Who are these telematic "pirates" who surf the net and go beyond boundaries. Not geographical ones but those of cyberspace who sneak their way into computers and the networks that makes up the Internet? Initially, they were computer experts who spent their time, for pleasure as well as work, exploring the functional limits of programs and operating systems, with the intention of perfecting them and searching out their imperfections and weaknesses. Now things have changed.
The first important case of a breach in computer security occurred in November 1988, with the so-called "Morris worm", which gave rise to the creation of the first Coordination Centre (CERTÂ®, "Computer Emergency Response Team") to gather information on computer security incidents. Since then, other CERTs have been created in many countries to provide a centralized and coordinated response to on-line cyber attacks.
(Every Nerds would like to have this on display)
(Here is a snippet of a successful attack )
Unfortunately, computer piracy has continued to evolve and is still developing; the number of cases officially reviewed by CERT coordinating centreâs, with regard to attacks on computers and data transmission networks, increased from 6 in 1988 to over 537,000 in 2012.
Over time a particular jargon has been developed to classify these beings, with terms such as âHacker", used to describe an innovative programmer, often expert in several programming languages and operating systems, which they get into computers mainly to satisfy his own curiosity. His aim is to show everyone that he can penetrate the system, find out what information it contains and possibly let the administrator know of the weaknesses he has identified. Basically, it is an intellectual challenge, not necessarily with a negative outcome. However, the hacker can unexpectedly change into a âCracker" i.e. someone who gets into systems with the intention of committing an act of vandalism or theft, often organized in groups who surround themselves with an aura of secrecy.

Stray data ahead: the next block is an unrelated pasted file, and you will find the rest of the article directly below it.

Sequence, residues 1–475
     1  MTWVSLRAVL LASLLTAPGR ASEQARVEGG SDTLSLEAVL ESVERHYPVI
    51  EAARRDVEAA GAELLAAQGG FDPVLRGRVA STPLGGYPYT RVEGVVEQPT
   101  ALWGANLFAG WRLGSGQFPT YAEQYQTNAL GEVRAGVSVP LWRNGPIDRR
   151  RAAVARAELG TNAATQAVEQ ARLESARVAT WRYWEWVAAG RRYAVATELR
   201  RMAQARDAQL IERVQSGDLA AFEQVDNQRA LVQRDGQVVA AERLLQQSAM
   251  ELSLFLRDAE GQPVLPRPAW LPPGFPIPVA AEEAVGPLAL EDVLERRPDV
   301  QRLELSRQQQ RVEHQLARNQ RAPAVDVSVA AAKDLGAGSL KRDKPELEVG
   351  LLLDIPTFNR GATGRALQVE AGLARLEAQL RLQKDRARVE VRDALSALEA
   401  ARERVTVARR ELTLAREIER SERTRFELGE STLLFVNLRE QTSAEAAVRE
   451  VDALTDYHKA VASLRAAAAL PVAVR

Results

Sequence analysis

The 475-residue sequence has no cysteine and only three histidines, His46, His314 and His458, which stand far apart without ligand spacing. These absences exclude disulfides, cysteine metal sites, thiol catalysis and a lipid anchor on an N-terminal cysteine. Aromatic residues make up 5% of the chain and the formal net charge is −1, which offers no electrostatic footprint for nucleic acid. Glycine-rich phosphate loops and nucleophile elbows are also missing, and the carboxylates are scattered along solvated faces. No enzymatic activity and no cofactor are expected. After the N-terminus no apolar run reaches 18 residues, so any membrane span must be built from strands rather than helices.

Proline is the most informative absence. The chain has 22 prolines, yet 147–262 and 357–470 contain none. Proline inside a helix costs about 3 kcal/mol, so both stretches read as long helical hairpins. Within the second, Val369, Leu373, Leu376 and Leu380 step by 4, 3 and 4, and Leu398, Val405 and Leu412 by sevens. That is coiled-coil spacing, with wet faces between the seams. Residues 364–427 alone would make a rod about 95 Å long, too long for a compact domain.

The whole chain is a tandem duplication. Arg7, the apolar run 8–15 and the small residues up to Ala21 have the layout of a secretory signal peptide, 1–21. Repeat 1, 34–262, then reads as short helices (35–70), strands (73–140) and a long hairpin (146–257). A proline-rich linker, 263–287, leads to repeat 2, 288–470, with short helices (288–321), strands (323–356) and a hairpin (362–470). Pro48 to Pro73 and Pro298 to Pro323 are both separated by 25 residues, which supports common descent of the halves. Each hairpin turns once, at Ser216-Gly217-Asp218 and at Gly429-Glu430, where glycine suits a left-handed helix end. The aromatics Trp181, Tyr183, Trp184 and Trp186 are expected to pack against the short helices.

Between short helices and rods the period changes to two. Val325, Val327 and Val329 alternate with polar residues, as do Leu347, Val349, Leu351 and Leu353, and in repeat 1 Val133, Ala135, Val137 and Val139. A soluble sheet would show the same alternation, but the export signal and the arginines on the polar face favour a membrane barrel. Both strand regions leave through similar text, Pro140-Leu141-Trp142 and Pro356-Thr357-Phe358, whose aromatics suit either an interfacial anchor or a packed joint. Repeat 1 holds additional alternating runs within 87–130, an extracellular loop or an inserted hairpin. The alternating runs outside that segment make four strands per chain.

Another term in piracy jargon is "Phone Phreak" i.e. telephone or telecommunication network pirates and "Warez", i.e. commercial programs and hacked games distributed on the network and often stored in on-line "warehouses" unbeknown to the owner of that particular site. these individuals would often make hardware to âhackâ into telephone lines or reroute cables to gain free access to either phone or internet services i myself started in the Phone Phreaking community when I was younger, I wonât go into the details. That might be brought up in a later blog.
(Bare-Bone version of Steve Wozniak's infamous Blue Box)
Nevertheless, the illegality of computer piracy is not confined to these information technology enthusiasts. There is also on-line industrial espionage, often carried out by staff from within an organization, or full-blown criminal activities, or the possible interception of personal and private communications and information which may put our individual freedom at risk. We must not forget that we are increasingly dependent on telecommunications technologies and the "Cyber world", so their vulnerabilities can have serious consequences.